CPA & Business Advisory Blog

Important Ohio Tax Changes for 2013

Governor Kasich signed the final version of the biennial budget bill on June 30, 2013.   The budget resulted in changes that affected both individuals and business and were intended to make Ohio a more attractive place for new businesses and investments in new jobs.

Individual Income Tax Changes

Over the next three years a permanent 10 percent personal income tax reduction will be phased in (retroactive to January 1, 2013) as follows:

Calendar Year​

​Top Rate










Other changes to the individual income tax include:

  • Income tax brackets will be frozen for three years (2013-2015)
  • Gambling losses are no longer deductible; winnings must still be reported as income but losses can no longer be deducted against Ohio adjusted gross income
  • Nonresident investors included in a composite return who have no other income from Ohio sources are now eligible to file a separate individual Ohio return which will allow them to claim a personal and dependency exemption and non-business credits
  • Taxpayers with income of $20,000 or less can claim an Ohio earned income tax credit for 5 percent of the credit allowed for federal income tax purposes
  • For taxable years beginning January 1, 2014, taxpayers are prohibited from claiming either a personal exemption on their returns if they are being claimed as a dependent on the federal income tax return of another taxpayer.

Small Business Income Tax Changes

There will be a small business income deduction of 50 percent on the first $250,000  ($125,000) of Ohio business income passed through to an individual owner of a pass-through entity, such as a partnership, S corporation, sole proprietorship, and limited liability companies.   Ohio small business investor income is defined as the portion of a taxpayer's adjusted gross income that is business income reduced by deductions from business income and apportioned or allocated to Ohio, not otherwise deducted or excluded in computing federal or Ohio Adjusted Gross Income for the taxable year.  Therefore, the Ohio portion of net business income reported on the taxpayer's federal 1040 Schedules C, E, and F will be used in calculating the deduction.  The deduction is limited to 50 percent on the first $125,000 ($62,500) for each spouse filing separately.  Note that this deduction will not impact the calculation of a taxpayer's school district income tax liability.  Any deduction will be added back to Ohio income for school district income tax purposes.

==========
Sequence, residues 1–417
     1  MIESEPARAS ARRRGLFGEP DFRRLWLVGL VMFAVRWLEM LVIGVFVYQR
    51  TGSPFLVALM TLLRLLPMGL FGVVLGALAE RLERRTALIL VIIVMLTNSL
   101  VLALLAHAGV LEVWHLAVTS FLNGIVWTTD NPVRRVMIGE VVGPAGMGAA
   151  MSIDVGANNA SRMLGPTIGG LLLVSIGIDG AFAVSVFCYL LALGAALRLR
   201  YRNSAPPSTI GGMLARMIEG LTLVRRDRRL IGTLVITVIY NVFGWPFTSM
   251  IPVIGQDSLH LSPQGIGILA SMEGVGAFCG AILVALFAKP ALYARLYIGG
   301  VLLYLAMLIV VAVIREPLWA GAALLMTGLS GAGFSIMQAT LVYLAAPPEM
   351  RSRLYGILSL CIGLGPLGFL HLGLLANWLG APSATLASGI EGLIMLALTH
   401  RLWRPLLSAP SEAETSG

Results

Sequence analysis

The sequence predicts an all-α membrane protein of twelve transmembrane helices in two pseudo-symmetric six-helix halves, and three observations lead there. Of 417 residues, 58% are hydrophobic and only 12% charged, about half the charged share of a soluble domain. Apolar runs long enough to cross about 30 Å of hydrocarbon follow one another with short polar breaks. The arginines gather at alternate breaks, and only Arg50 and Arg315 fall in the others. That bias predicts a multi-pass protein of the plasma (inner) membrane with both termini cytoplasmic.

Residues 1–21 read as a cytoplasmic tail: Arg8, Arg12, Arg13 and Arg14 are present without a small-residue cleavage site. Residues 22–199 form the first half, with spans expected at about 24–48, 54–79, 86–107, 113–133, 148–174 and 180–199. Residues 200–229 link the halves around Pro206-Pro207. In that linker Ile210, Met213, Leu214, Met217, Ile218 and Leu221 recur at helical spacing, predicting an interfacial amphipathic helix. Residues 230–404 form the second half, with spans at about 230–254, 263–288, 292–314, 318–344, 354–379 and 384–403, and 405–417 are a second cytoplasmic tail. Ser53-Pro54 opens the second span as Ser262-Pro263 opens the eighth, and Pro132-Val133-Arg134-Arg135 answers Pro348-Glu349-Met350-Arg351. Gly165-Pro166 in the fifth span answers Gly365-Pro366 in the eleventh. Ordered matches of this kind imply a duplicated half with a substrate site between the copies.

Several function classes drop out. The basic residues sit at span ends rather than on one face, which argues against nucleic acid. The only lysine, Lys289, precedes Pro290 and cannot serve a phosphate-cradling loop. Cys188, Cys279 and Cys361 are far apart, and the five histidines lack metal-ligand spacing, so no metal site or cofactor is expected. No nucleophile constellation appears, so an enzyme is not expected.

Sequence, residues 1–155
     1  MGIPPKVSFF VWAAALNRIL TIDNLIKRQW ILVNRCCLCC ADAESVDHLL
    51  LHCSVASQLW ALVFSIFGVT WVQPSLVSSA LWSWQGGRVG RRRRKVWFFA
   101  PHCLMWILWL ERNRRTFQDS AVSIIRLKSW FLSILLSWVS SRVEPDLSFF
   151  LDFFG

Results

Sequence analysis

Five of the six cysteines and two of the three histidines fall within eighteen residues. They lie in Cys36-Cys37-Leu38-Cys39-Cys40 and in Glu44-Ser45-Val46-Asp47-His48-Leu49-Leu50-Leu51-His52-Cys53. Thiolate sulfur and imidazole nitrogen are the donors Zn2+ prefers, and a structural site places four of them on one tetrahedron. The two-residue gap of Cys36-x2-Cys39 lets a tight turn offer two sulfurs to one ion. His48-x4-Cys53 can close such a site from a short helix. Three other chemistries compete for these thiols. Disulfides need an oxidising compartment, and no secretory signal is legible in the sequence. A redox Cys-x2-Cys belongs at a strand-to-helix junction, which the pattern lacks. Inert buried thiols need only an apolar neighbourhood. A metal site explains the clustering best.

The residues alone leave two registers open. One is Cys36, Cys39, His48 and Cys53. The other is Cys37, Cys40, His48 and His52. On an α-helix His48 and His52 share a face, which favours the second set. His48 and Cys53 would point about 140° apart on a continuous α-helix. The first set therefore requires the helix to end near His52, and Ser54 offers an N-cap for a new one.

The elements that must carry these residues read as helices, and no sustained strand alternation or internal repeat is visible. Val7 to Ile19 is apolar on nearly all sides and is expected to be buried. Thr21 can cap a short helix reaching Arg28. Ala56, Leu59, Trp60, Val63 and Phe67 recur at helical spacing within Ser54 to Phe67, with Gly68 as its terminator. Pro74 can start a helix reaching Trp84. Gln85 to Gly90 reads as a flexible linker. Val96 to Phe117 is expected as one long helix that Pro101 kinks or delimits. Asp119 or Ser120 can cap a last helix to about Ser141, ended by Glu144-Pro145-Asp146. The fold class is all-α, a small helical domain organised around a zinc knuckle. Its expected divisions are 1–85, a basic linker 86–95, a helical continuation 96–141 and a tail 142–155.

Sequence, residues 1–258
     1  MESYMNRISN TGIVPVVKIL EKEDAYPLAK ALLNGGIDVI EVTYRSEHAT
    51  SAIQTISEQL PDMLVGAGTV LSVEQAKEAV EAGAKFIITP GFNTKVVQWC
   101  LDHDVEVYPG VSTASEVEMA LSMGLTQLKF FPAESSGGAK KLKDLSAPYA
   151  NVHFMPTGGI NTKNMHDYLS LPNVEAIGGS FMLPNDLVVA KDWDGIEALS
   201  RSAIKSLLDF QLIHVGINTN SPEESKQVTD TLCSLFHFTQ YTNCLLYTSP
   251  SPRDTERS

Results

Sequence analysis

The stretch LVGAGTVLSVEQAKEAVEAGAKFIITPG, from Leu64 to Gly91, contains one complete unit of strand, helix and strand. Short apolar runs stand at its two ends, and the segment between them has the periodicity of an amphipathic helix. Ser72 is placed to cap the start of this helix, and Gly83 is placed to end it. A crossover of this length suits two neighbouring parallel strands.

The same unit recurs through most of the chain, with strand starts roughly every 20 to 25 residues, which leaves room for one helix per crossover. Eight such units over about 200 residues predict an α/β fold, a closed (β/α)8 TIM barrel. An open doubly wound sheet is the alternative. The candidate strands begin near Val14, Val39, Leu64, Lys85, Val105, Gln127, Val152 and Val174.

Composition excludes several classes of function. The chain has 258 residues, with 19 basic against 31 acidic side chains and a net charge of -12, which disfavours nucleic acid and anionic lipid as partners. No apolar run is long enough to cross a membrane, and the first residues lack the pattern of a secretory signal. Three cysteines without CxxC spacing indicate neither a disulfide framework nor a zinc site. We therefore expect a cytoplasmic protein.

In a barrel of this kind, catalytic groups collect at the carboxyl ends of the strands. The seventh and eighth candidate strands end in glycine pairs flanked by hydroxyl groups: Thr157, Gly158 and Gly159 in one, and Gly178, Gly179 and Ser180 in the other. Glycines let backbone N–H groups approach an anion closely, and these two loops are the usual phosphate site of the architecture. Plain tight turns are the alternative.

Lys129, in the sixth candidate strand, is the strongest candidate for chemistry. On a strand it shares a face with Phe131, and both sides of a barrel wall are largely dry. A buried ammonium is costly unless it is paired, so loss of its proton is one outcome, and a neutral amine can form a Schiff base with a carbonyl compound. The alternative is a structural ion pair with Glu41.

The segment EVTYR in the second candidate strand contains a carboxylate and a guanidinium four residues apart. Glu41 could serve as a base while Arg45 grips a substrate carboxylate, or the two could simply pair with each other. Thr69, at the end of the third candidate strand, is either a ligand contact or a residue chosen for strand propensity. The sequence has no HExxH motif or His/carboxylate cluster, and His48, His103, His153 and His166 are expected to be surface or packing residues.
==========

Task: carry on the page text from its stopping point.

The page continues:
Real Estate Tax Changes

A change has been made to phase out the homestead property tax exemption over time. Effective January 1, 2014, if a homeowner becomes age 65 and has an annual income over $30,000, they will not be eligible for this exemption. Homeowners who qualify in calendar year 2014 will continue to qualify in the future regardless of income levels.

Sales and Use Tax Changes

The changes to the sales and use taxes have broadened the overall scope of what is taxable along with increasing the statewide sales tax rate by 0.25 percent up to 5.75 percent. The bill also provides that Ohio will become a full member in the Streamlined Sales Tax Project, which was designed to increase the collection of sales and use taxes on internet commerce. Changes include, but are not limited to:

  • Taxing electronically transferred digital products (videos, music, ebooks)
  • Taxing magazine subscriptions (beginning September 29, 2013)
  • The ability to exempt equipment for a computer data center if an investment of at least $100,000,000 is made for three continuous years and payroll is at least $1,500,000 per year for those three years
  • An exemption for sales to or by a cable service provider, which includes electronically transferred digital products. This results in a cable provider being able to sell digital products tax free

These changes are effective September 1, 2013

Commercial Activity Tax Changes

Beginning January 1, 2014, there is a new minimum tax structure for CAT taxpayers on the first $1 million of revenue. The new minimum tax will be as follows:

Annual Taxable Gross Receipts​​​

​Minimum Tax Due









​Over $4,000,000


The 0.26 percent tax rate will remain the same on receipts over $1,000,000 and all CAT filers are required to electronically file.

If you have any additional questions about these tax changes and how they may affect you or your business, please contact Jenna Staton in our tax planning and preparation department at 440-449-6800 or

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